There are Machine SIDs, Service SIDs, Domain SIDs, and User SIDs. NewSID and sysprep /generalize only reset Machine SIDs. Yes, those are the same Machine SIDs, and yes, sysprep changes the Machine SID after deployment.
However, changing Machine SIDs is not necessary. According to this blog entry on TechNet by Mark Russinovich:
So is having multiple computers with the same machine SID a problem?
The only way it would be is if Windows ever references the machine
SIDs of other computers. For example, if when you connected to a
remote system, the local machine SID was transmitted to the remote one
and used in permissions checks, duplicate SIDs would pose a security
problem because the remote system wouldn’t be able to distinguish the
SID of the inbound remote account from a local account with the same
SID (where the SIDs of both accounts have the same machine SID as
their base and the same RID). However as we reviewed, Windows doesn’t
allow you to authenticate to another computer using an account known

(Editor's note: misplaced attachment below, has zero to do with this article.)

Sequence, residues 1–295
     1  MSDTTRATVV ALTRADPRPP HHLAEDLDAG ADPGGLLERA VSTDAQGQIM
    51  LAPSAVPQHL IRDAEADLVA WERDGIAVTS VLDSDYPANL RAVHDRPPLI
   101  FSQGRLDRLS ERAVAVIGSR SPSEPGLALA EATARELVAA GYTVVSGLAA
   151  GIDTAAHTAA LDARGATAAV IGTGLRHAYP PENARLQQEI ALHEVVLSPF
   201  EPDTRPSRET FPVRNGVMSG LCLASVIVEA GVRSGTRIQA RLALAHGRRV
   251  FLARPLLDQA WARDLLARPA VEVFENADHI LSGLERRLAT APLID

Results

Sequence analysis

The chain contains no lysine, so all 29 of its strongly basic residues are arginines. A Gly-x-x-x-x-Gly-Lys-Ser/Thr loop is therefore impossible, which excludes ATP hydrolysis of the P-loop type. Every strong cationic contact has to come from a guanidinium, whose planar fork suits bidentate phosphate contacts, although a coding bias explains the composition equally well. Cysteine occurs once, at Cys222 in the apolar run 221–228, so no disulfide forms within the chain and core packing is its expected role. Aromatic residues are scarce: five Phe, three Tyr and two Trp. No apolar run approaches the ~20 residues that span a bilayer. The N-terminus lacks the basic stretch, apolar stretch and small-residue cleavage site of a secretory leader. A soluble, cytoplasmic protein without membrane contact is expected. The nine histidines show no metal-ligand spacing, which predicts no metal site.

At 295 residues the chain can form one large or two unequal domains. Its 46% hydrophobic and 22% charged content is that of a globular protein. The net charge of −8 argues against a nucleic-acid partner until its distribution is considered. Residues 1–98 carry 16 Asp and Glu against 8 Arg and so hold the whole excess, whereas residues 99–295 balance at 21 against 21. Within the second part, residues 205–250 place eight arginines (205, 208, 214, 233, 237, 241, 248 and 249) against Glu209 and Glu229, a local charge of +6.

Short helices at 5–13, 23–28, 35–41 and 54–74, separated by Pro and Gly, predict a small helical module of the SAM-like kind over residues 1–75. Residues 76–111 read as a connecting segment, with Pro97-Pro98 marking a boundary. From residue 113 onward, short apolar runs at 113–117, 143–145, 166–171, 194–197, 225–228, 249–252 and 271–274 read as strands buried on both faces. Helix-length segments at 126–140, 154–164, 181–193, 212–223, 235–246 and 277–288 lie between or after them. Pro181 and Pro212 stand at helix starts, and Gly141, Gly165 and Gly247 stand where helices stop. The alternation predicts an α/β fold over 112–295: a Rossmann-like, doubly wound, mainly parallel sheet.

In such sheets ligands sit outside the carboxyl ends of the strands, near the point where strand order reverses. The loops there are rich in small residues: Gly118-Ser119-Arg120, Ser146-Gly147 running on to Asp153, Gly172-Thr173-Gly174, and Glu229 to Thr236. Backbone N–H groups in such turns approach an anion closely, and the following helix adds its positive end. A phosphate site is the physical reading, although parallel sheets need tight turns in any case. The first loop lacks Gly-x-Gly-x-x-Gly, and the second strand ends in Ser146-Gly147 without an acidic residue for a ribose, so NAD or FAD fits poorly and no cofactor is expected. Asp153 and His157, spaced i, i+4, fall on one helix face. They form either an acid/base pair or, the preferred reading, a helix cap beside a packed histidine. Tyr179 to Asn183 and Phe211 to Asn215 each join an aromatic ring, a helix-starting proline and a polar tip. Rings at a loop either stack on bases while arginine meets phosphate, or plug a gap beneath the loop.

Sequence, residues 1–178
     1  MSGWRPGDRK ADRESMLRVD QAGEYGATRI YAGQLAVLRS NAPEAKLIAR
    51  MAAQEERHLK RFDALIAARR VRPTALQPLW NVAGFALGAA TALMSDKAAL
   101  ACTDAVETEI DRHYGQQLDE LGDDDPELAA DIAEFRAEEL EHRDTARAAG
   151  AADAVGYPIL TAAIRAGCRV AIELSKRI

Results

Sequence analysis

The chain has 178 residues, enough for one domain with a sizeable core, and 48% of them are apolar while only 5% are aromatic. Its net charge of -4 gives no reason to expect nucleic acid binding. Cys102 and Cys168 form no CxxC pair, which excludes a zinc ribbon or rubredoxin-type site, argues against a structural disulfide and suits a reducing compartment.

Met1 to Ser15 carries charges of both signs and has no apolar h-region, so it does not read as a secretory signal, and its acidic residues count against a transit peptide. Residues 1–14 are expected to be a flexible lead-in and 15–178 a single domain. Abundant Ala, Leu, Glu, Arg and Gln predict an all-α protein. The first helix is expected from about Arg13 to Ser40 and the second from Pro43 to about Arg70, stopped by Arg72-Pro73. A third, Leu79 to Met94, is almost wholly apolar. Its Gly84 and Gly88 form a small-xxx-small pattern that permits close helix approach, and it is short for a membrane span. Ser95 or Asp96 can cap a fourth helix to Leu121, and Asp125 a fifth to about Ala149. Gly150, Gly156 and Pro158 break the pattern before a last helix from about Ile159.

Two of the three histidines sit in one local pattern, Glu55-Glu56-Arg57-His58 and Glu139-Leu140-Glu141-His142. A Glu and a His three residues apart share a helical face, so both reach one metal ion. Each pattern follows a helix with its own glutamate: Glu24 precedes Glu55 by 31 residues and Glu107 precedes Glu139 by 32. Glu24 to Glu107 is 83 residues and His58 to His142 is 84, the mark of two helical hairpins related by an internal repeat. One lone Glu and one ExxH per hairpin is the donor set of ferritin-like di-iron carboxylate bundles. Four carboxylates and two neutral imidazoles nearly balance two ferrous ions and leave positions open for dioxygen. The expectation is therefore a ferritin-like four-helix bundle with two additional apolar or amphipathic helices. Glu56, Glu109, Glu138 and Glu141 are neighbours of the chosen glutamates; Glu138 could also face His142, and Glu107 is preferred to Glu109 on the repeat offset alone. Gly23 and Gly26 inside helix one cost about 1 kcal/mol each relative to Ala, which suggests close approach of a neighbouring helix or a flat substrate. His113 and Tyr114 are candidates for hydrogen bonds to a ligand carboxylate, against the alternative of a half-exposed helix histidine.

only to the local computer. Instead, you have to specify credentials
for either an account local to the remote system or to a Domain
account for a Domain the remote computer trusts. The remote computer
retrieves the SIDs for a local account from its own Security Accounts
Database (SAM) and for a Domain account from the Active Directory
database on a Domain Controller (DC). The remote computer never
references the machine SID of the connecting computer.
In other words, it’s not the SID that ultimately gates access to a
computer, but an account’s user name and password: simply knowing the
SID of an account on a remote system doesn’t allow you access to the
computer or any resources on it. As further evidence that a SID isn’t
sufficient, remember that built-in accounts like the Local System
account have the same SID on every computer, something that would be a
major security hole if it was.
ThatGraemeGuy here on Server Fault agrees with me.
Seriously, you don't need NewSID. Microsoft has retired NewSID on the grounds that it's not necessary. The NewSID download page says, "Note: NewSID has been retired and is no longer available for download. Please see Mark Russinovich’s blog post: NewSID Retirement and the Machine SID Duplication Myth."
Sysprep still gets rid of things like those pesky registry keys that interfere with WSUS, however. Microsoft does not support cloning without sysprep.
I presume from your question that you're hoping to get rid of that NewSID step (yay!) by saying that sysprep /generalize performs the same function. This is true, but hopefully pointing out that NewSID has been unsupported since 2009 will also help you get rid of that unnecessary step in your rollout process.